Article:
Places: North and South

  • Last updated on December 10, 2021

First published: 1946

Type of work: Poetry

Places DiscussedMap

Map. North and SouthAppropriately enough, the explorations of North and South begin with an examination of a map. In “The Map,” the first poem of the collection, the speaker examines a map of the North Atlantic area. The map is tangible evidence to her of the riddles of human perception, whereby she sees real things as if they were symbolic and–more important in the poem–understands symbols as if they were real. The poem begins with a question of perception: How can the map, which is flat, represent something as three-dimensional as land and ocean? The second stanza offers examples of how the speaker (and, by implication, anyone) can translate the abstractions of a map into the vivid, sensual perceptions to which her understanding is attached. The speaker imagines peninsulas as women’s fingers, feeling the water between them as women’s fingers would feel cloth. In her imagination, the lines on the paper are like women’s fingers. This simile is presented simply as the means by which people make symbols understandable. This poem argues one of Bishop’s central themes about place–people understand it only as much as they experience it with their senses.

Paris

Paris. Capital of France and ostensible setting of Bishop’s poem titled “Paris, 7 a.m.” Its speaker draws general conclusions from the immediate particulars of her environment, as she wanders from room to room setting clocks in an apartment. She looks out a window and sees a courtyard and pigeons. She notes the details of her apartment building–ornamental urns, mansard roof, a slice of sky, and gray and yellow stones. This is framed by the rectangle of the window. Using these details as the starting place of an imaginative association game, she strives to understand her own place in this city. By recognizing what these details make her think of, she comes to understand how she is feeling.

In poetry, when something tangible and outside the speaker is implicitly compared with the thoughts and moods within the speaker, it is called an objective correlative. In this poem, the clocks are an example. The speaker calls them “histrionic,” which a clock cannot be but a person can be. Throughout the poem, the imagery implies disorientation and vulnerability and thus that the speaker is feeling disoriented and vulnerable.

The solidly built apartment building, for example, is made of a light-colored stone. The stone reminds her, because of its color, of something fragile, ephemeral, and gone–the snow forts and snowballs of her youth. Bishop is making a sly allusion to one of the most common themes of poetry, one that is usually cited by asking a question: “Where are the snows of yesteryear?” (This question comes from a French poem, so her allusion to it in a poem set in Paris is quite apt.) The answer to the question is that they are gone. The speaker, looking out the window while worried about time (she is setting clocks), considers how time will quickly erase even something as seemingly solid as the stones of her apartment. She is reminded of how fragile and ephemeral all things are, including herself. From the particulars of a place and time she discovers not only a general truth but the particular truth that underlies her experience of that place and time.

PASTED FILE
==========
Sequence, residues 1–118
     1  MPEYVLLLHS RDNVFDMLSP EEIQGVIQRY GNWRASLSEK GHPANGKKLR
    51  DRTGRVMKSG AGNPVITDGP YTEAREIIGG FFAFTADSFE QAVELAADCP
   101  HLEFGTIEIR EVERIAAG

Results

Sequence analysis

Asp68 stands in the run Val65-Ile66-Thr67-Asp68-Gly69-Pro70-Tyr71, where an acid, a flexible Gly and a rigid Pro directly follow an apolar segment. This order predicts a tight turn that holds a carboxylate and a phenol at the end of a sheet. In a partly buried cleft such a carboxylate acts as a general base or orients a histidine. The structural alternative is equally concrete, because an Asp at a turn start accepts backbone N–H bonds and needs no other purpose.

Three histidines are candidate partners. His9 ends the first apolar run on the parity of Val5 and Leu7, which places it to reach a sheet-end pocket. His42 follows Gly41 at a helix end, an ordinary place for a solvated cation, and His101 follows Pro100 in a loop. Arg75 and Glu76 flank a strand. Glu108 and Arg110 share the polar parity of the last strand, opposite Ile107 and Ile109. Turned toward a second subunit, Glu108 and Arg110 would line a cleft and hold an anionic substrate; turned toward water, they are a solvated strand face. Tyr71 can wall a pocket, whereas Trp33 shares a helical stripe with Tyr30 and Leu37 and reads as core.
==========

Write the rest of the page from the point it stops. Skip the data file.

BibliographyHarrison, Victoria. Elizabeth Bishop’s Poetics of Intimacy. New York: Cambridge University Press, 1993. Studies the evolution of Bishop’s poems as vehicles for expression. Chapter 2 discusses intimacy and romance. Chapter 3 emphasizes the effect of events, particularly World War II, on Bishop’s imagination. Extensive notes, bibliography, index.Kalstone, David. Becoming a Poet: Elizabeth Bishop with Marianne Moore and Robert Lowell. New York: Farrar, Straus & Giroux, 1989. The probing study of Bishop’s complex friendship with Marianne Moore coincides with the making of the poems of North and South. Notes, index.Parker, Robert Dale. The Unbeliever: The Poetry of Elizabeth Bishop. Champaign: University of Illinois Press, 1988. Studies the wishful nature of North and South–the anxiousness behind her poems, as well as Bishop’s readiness to look outside herself for subjects. Notes, index.Stevenson, Anne. Elizabeth Bishop. Boston: Twayne, 1966. The best starting point to study Bishop’s life and work. Outlines the period relevant to North and South and examines several poems. Helpful primary and secondary bibliographies, notes, and index.Travisano, Thomas. Elizabeth Bishop: Her Artistic Development. Charlottesville: University Press of Virginia, 1988. Relates North and South to two phases in Bishop’s work–“enclosure” and “history.” Detailed but understandable interpretations of many poems. Illuminating explanation of Bishop’s interest in Surrealism and the Baroque. Notes, primary and secondary bibliographies, and index.
Categories: Places